By: Jojo Moyes
Bestselling author Jojo Moyes doesn't disappoint with this sequel to Me Before You. Since Will's death, Louisa has struggled to find her way. She traveled in Europe and worked as a bartender in Paris but has never been able to feel at home. After a horrible accident at her London home, she finds herself back in her hometown. She joins a grief counseling group and slowly begins to heal. A surprise from Will's past presents a rewarding challenge to her. Full of quirky characters, this novel will be a welcome read to Moyes' fans.
By: Alysia Burton Steele
Biracial author “Lisa” Steele writes to honor her black grandmother. Interviewing dozens of elderly women in the Mississippi Delta, she discover the welcome and warmth of women who have lived through the Jim Crow era and the Civil Rights movement. Nearly all of them have raised children and grandchildren through times difficult for African-Americans. Beautiful photographs accompany all the biographical anecdotes. An eye-opener for those outside of the deep South.
By: Sarah Waters
With a dwindling income, Frances Wray and her mother must rent out part of their family home in post-World War I England. Both of Frances's brothers have died in the war. Her father died at home in the last days of the war, leaving his widow in dire financial straits. The Barbers, a lively, young couple, move into the house. As the house's inhabitants gradually grow accustomed to each other, Frances and Lillian Barber become friends. One tragic night, however, changes everything. This book is an excellent choice for fans of psychological fiction.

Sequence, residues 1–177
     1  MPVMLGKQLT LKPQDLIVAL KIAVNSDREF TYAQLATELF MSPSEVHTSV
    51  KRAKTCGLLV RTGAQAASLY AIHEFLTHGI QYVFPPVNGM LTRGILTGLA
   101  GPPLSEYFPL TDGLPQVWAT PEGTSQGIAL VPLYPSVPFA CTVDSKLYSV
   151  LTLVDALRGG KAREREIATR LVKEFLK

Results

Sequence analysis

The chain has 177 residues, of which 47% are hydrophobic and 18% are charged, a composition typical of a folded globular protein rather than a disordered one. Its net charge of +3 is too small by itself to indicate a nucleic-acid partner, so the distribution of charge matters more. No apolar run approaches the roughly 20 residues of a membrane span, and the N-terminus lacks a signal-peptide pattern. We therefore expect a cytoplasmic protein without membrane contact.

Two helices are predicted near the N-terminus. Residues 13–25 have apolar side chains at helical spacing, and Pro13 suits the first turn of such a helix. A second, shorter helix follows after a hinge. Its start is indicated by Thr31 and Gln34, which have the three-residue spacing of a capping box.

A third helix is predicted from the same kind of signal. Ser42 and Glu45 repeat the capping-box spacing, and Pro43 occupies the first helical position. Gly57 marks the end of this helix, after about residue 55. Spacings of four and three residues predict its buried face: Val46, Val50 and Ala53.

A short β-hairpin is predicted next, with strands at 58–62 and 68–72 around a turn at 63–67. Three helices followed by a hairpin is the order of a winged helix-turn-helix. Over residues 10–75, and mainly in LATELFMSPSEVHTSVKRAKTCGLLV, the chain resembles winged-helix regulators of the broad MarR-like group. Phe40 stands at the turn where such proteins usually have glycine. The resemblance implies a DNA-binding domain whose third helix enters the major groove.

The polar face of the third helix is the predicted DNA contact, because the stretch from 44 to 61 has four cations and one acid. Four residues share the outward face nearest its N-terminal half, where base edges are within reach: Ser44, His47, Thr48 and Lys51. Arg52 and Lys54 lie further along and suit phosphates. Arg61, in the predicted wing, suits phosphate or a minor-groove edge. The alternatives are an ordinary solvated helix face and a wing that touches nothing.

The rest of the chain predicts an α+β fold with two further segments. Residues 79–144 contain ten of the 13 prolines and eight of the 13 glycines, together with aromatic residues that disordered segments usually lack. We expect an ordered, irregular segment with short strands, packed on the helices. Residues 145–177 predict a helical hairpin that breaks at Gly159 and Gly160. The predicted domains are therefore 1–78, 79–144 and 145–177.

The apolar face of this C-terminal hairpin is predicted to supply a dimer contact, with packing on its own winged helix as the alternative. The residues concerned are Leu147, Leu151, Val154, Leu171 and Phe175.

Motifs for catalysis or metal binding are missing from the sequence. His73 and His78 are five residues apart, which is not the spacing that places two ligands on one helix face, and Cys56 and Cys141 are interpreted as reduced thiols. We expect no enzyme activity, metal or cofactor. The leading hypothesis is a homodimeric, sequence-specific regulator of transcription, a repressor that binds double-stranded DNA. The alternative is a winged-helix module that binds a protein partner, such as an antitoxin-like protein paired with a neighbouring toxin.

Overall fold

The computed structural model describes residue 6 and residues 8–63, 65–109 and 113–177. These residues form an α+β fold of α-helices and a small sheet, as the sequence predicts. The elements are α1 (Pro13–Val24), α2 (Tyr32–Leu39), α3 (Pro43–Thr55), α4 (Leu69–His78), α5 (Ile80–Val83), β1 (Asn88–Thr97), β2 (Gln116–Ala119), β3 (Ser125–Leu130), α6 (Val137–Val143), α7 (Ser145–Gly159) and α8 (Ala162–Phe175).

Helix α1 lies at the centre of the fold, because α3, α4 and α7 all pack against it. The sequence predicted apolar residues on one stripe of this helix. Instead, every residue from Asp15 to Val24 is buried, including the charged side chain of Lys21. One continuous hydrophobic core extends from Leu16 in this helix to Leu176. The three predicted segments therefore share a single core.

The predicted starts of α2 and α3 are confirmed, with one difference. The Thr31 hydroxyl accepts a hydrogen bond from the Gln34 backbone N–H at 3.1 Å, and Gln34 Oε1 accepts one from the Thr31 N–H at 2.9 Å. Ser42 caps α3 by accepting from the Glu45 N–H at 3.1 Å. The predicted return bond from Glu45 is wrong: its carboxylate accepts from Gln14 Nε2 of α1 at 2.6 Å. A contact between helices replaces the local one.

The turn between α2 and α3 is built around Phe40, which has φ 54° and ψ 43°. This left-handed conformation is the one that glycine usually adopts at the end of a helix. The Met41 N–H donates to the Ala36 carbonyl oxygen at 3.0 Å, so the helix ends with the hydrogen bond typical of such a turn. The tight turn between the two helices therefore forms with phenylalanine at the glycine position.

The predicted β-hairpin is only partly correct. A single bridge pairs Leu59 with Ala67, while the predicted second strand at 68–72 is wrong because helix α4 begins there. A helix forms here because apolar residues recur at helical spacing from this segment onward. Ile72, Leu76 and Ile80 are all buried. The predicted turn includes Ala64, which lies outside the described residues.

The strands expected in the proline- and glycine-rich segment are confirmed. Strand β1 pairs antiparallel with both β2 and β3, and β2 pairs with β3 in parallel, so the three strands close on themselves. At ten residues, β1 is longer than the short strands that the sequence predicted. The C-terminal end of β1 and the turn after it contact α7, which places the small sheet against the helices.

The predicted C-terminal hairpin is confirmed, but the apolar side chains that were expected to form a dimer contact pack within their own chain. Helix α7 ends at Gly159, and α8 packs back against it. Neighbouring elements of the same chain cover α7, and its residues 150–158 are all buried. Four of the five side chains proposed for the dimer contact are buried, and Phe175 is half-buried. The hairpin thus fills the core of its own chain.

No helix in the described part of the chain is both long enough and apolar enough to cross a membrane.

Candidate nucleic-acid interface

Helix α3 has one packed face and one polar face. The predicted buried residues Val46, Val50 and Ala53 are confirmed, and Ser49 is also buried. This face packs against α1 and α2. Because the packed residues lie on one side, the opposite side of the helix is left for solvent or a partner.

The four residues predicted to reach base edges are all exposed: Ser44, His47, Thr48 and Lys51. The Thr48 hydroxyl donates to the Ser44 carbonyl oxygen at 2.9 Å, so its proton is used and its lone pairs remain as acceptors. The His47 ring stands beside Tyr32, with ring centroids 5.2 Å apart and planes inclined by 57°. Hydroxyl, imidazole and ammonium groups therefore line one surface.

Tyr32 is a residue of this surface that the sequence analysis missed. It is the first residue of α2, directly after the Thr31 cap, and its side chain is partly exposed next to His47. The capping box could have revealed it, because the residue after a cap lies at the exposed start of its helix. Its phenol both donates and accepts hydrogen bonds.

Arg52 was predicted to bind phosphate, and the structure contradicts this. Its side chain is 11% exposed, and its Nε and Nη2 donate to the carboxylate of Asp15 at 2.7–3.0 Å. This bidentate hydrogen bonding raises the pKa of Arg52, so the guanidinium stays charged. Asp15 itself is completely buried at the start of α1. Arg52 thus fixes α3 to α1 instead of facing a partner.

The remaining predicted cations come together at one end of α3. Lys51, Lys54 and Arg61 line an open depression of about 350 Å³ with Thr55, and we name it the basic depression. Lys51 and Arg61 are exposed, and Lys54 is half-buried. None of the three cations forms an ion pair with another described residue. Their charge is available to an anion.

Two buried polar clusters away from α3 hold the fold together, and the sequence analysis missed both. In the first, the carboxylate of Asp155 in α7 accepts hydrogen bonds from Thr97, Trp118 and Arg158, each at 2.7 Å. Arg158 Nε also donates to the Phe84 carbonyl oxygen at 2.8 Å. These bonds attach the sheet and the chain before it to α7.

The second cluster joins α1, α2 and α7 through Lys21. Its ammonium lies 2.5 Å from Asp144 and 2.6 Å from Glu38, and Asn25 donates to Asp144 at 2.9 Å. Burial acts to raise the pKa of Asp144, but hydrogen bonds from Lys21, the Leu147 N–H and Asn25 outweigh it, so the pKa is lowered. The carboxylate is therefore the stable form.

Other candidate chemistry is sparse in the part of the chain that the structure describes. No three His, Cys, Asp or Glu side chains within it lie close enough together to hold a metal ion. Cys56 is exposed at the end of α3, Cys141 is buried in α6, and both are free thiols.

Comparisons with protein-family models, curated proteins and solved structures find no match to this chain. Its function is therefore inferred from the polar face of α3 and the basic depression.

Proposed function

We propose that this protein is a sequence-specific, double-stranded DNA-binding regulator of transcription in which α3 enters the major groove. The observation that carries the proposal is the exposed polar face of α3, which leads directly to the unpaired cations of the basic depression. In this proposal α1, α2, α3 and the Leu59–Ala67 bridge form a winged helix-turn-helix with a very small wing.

By: John Harwood
Fans of the Victorian ghost story will love this novel by John Harwood. Told through the point of view of three different narrators, the story cleverly comes together in the second half of the novel. Constance is a young woman raised in an unhappy home after the death of her toddler sister Alma. Eleanor's mother and sister cannot hide their absolute disdain for her. She eventually finds true love in an ill-fated engagement to Edward, a young painter. John wanted to be a artist as a young man, but he turned to the law to provide an ample income for Phoebe, his bride-to-be. When she dies in childbirth, he is heartbroken. The fates of these three characters are intertwined with that of haunted Wraxford Hall.